Religious Zionist Movements in Palestine
Within the Yishuv society of pre-state Israel, there developed a unique sector with a complex ideology: a religious Zionist society that included two main movements—Mizrachi (1902) and Ha-Po’el ha-Mizrachi (1922). Religious Zionism, which sought to preserve tradition while also adopting modern ideas, was distinguished from the secular majority by its religious nature and from the ultra-Orthodox minority by its Zionism.
During the Mandate period, the Yishuv concentrated on building a national homeland, fostering essential institutions and enterprises to this end. Many voluntary organizations operated in the Yishuv in various fields, among them women’s organizations established during World War I and immediately afterwards, at a time when Jewish women’s organizations were blossoming worldwide. Two such organizations were set up in the framework of religious Zionism in Erez Israel: The Mizrachi Women’s Union, founded in 1918, and the Ha-Po’el ha-Mizrachi women’s organization, founded in 1935. These organizations, like others of their kind, were profoundly affected by the social and economic factors that typified the period: increased immigration, an unstable economic situation and recession, World War II and the Holocaust.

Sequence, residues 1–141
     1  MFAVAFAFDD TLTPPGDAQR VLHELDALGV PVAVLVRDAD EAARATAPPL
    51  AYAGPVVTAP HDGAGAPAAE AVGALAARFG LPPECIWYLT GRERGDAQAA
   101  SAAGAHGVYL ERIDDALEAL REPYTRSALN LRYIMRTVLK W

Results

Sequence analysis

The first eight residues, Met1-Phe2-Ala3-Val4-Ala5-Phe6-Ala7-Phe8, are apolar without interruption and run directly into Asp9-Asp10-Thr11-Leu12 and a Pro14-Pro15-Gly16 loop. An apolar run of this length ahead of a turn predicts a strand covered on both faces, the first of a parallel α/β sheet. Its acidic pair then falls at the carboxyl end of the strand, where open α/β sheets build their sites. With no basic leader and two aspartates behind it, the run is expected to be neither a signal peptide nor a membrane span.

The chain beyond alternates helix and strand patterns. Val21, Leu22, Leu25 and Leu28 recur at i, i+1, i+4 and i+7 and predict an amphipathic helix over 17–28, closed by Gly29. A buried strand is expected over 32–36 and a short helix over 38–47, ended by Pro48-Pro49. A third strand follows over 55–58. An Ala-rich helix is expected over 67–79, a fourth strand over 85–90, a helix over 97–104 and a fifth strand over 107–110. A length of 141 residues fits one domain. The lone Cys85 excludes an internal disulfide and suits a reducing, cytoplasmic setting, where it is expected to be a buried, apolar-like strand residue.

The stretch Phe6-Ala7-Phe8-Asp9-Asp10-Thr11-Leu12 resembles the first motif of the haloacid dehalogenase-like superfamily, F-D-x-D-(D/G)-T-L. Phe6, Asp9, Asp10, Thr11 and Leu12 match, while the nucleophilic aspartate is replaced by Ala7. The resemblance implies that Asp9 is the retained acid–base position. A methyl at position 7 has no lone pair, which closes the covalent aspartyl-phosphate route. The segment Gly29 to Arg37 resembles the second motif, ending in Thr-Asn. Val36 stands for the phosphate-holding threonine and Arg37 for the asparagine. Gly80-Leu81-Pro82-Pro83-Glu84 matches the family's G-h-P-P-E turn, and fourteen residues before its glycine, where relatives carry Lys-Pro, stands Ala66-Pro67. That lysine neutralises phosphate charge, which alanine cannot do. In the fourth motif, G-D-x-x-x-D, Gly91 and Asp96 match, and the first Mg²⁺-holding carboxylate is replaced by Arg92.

Beginning in 1915, Mizrachi women’s organizations were founded throughout the Jewish world. The groups had two parallel paths of action. One was activism among women in their own countries, while the other was helping to build Erez Israel in the spirit of religious Zionism. As part of the latter effort, they cooperated with religious women in Erez Israel and gave them material help.
Since these scattered groups worked as auxiliaries for the Mizrachi Organization that was founded at the same time, their work was partial and restricted in its scope. In 1925, the Women’s Mizrachi Federation in America was founded, led by Adela Goldstein (d. 1938), a businesswoman with religious Zionist beliefs who traveled to various cities in the United States and unified the women’s groups into a national federation with common goals. Under her leadership, the women in America began to act independently, no longer as Mizrachi branch auxiliaries. At the same time, a Mizrachi youth organization was also founded for young women.
The fundamental goal of the Women’s Mizrachi Federation in America was to help build a national homeland in the spirit of Torah according to Mizrachi ideology. In order to promote this goal, the women worked as an integral part of Mizrachi and cooperated with various Zionist organizations. The decision to work on behalf of women was made from the first, when a desire to aid pioneer women in Erez Israel combined with Diaspora women’s aspirations to help build the country. After learning and understanding the conditions in the country, the women decided to concentrate their efforts on realizing one goal: professional education for young religious girls in Erez Israel. The two goals—helping to build a religious Erez Israel and educating young girls—combined in the form of educational work that would be undertaken in the spirit of the Mizrachi movement: including tradition and Torah in the values of national rebirth.